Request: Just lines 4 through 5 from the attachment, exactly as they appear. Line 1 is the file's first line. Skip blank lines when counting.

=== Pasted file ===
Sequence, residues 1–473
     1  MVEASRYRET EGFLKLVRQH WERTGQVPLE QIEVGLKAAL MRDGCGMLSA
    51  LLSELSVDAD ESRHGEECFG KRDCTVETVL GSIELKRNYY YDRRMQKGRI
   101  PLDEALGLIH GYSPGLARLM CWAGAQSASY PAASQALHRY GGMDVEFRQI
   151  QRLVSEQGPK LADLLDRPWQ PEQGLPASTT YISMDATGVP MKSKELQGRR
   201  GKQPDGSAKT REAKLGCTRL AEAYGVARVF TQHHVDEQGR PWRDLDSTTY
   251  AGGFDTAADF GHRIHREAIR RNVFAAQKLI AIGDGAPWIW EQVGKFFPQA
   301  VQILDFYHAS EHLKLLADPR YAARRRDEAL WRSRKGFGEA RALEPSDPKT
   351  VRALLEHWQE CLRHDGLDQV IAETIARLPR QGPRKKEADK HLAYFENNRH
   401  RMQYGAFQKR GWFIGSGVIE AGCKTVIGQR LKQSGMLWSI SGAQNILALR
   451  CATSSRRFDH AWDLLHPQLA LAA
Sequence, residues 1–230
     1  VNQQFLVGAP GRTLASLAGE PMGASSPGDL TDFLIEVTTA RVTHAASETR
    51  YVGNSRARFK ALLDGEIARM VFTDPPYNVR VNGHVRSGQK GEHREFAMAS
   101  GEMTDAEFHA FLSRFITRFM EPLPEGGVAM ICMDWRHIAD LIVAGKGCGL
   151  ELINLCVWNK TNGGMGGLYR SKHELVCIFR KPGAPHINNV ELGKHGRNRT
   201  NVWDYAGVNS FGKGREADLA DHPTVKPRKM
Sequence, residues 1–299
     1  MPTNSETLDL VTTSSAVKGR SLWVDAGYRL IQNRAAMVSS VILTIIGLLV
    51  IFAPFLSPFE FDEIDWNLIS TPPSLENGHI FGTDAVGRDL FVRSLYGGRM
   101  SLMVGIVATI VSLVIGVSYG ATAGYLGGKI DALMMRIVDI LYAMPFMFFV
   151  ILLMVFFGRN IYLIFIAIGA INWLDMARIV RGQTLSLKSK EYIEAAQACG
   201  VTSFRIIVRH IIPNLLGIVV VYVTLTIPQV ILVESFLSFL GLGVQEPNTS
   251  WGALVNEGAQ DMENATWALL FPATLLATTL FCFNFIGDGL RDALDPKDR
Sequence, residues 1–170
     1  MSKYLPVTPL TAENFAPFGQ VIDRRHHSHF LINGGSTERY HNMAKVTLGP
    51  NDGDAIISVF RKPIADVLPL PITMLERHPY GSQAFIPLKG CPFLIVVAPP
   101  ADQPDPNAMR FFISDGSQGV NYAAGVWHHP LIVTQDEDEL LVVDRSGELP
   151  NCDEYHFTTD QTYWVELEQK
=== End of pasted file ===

   101  PLDEALGLIH GYSPGLARLM CWAGAQSASY PAASQALHRY GGMDVEFRQI
   151  QRLVSEQGPK LADLLDRPWQ PEQGLPASTT YISMDATGVP MKSKELQGRR